What Firefighters Do
Training is a big part of what rural firefighters do. As instructors and officers remind their crews, fire treats everyone the same, whether you’re paid or volunteer. That sobering fact was reinforced by the deaths of volunteer firefighters at the West, Texas, fertilizer plant explosion on April 17.
The volunteers on the Wolf River Fire Department protect the people and property in what is geographically one of the largest townships in the state of Wisconsin — 118 square miles of homes, cottages, farms, businesses, highways, forest and rugged river terrain. Members train to fight fires in structures, wildlands and vehicles. They also learn to assist emergency medical personnel at motor vehicle accident scenes. In our area, they learn to conduct search and rescue operations in the woods and on a whitewater river and to perform ice rescues on our many lakes.
With the decline in farming in our area, there doesn’t seem to be much call for silo rescue and other high-angle training to work on tall structures. But you rethink that when an unlucky deer hunter almost falls from his deer stand on opening day. Luckily, one of our members had high-angle training from his years on ski patrol. He was able to direct the rescue of a cold and anxious young man hanging by the straps around his toes.
When the pager tone sounds, rural firefighters leave their own deer stands. They brave icy roads, heat and humidity, and admonitions to “be careful” from family members who support their service but worry nonetheless. And they hope someone else will show up, too.
Five percent of fire departments in communities of less than 2,500 deliver an average of four or fewer volunteers to a mid-day house fire, the National Fire Protection Association says. (Bear in mind that it takes a minimum of four firefighters to safely initiate an interior attack.) Those who do show up leave their jobs and businesses to do a dirty, difficult, dangerous job for no pay. And they do it in full knowledge that tomorrow someone will probably joke, “So, did you save another foundation?”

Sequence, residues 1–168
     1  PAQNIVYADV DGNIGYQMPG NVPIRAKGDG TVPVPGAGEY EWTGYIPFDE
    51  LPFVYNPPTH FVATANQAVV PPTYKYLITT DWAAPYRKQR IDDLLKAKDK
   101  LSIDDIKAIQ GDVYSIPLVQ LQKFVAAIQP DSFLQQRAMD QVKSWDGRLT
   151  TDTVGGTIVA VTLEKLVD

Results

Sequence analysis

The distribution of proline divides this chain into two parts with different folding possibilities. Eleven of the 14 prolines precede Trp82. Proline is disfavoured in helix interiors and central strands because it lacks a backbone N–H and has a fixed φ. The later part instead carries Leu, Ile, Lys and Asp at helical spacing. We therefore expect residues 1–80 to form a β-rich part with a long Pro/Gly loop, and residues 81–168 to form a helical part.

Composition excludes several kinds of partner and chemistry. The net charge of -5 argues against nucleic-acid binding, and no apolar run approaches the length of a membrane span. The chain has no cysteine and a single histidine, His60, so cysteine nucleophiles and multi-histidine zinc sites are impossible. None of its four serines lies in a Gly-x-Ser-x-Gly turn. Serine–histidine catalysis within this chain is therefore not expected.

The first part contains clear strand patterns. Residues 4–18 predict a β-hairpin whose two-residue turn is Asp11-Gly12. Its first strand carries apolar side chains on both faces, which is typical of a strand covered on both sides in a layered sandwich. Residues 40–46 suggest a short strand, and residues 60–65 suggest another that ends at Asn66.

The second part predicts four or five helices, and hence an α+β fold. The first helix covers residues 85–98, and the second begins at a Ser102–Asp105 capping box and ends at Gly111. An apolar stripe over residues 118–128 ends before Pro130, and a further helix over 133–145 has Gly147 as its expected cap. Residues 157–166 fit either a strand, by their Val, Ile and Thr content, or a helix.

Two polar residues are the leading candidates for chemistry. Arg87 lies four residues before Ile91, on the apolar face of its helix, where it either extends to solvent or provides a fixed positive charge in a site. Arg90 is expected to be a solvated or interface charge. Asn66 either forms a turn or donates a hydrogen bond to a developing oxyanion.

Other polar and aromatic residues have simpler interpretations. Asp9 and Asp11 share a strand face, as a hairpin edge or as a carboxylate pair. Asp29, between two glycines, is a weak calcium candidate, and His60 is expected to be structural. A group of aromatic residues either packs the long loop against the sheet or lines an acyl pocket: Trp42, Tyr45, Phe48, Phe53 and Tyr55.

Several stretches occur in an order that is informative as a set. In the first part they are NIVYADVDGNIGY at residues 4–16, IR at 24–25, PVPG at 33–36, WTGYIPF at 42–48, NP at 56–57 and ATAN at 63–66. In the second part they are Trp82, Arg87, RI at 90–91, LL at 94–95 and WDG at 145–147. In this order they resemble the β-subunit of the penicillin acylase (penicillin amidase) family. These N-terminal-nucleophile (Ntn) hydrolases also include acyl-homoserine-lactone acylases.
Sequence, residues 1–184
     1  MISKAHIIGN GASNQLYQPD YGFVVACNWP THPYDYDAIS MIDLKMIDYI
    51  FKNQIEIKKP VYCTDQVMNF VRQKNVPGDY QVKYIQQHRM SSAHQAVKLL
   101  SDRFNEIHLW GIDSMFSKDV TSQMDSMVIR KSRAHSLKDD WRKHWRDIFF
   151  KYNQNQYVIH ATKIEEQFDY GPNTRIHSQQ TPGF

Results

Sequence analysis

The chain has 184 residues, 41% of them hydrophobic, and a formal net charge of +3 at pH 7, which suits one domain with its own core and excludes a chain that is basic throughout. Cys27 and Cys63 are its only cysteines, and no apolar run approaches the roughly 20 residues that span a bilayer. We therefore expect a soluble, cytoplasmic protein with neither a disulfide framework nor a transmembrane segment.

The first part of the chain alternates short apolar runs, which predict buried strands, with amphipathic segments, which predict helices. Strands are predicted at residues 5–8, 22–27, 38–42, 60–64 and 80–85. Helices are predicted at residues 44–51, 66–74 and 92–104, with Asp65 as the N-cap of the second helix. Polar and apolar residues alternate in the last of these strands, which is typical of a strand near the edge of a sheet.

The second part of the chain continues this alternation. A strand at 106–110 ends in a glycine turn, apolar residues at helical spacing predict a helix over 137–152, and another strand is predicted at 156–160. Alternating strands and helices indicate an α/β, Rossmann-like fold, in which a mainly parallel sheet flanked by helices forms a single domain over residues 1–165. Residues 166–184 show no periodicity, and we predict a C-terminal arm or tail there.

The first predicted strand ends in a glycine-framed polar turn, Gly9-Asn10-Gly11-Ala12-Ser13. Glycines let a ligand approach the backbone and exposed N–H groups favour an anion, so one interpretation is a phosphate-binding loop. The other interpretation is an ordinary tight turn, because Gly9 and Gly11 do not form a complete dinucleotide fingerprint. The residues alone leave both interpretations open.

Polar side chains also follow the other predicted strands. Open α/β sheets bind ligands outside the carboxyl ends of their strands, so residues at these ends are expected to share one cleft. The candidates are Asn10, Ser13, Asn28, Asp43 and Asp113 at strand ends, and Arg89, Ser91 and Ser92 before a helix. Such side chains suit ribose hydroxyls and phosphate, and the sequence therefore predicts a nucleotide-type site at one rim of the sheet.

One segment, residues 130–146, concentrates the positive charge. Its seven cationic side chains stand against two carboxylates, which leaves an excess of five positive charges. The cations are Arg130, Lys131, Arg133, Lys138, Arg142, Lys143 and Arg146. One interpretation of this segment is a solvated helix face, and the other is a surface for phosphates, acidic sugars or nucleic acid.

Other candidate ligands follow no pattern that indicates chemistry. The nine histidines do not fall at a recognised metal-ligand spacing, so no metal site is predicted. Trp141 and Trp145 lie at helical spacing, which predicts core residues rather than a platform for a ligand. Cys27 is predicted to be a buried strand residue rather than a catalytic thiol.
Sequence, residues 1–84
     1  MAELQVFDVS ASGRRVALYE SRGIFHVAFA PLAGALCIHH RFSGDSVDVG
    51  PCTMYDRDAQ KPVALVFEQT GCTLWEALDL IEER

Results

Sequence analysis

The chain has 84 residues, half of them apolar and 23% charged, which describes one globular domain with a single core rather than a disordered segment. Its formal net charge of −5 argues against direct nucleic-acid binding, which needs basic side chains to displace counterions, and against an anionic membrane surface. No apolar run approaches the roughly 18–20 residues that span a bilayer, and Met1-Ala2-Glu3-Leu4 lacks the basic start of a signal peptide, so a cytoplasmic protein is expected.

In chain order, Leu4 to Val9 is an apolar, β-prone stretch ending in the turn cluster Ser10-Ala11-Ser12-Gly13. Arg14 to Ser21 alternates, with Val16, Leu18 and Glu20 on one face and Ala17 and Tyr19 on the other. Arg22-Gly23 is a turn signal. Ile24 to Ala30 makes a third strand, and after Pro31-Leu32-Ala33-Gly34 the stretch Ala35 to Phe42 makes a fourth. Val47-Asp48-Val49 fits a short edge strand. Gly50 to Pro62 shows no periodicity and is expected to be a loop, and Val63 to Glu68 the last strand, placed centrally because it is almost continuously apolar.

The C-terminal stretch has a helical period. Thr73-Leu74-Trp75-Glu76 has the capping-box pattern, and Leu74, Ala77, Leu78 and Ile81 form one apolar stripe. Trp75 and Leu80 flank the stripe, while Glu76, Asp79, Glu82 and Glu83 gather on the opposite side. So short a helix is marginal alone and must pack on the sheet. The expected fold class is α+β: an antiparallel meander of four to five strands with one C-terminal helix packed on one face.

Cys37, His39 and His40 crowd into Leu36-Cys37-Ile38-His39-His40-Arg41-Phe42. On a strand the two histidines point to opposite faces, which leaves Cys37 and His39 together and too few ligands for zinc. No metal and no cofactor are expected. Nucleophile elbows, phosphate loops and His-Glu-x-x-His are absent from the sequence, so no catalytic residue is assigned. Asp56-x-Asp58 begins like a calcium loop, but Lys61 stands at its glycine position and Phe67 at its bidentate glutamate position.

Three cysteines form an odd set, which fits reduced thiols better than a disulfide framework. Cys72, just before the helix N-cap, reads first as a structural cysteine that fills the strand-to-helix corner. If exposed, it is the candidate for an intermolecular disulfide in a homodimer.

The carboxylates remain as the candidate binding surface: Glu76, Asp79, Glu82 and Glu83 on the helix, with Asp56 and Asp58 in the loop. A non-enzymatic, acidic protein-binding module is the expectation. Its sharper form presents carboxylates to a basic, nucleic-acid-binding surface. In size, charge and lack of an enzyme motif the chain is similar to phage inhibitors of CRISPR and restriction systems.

Glad for Gray Volunteers
Before this most recent recruit class at the Wolf River department, the last two members to complete firefighter training were about the same age as my husband, who gets his first Social Security check soon. Both of those volunteers were still working. One of them completed training despite a two-hour commute to work each way. This winter he retired, which was cause for celebration among those who know how thin our manpower resources are during the day.
The recruit class of 2013 won’t necessarily solve that problem. Jobs take them out of the immediate area. Or they’re not allowed to leave school during the day. And after they graduate, more education and work commitments will probably take them away at least some of the time. With six new names on the roster, we’re in the same situation as when Bill joined the department: We’re hurting for people who can respond during the day.
So those graying volunteers are as vital to the community’s present as the new guys are to its future.
I hope the new guys find loving partners to settle down with here, maybe start families. But it’s hard to commit to service, or even training, when you have two working parents and small children.
Then again, Justin practically grew up in the fire station. I just hope 25 years from now, he’s not still asking, “Will anybody else show up?”
Donna Kallner, a self-employed fiber artist and teacher, lives near White Lake, Wisconsin, and is a member of the Wolf River Volunteer Fire Department Auxiliary.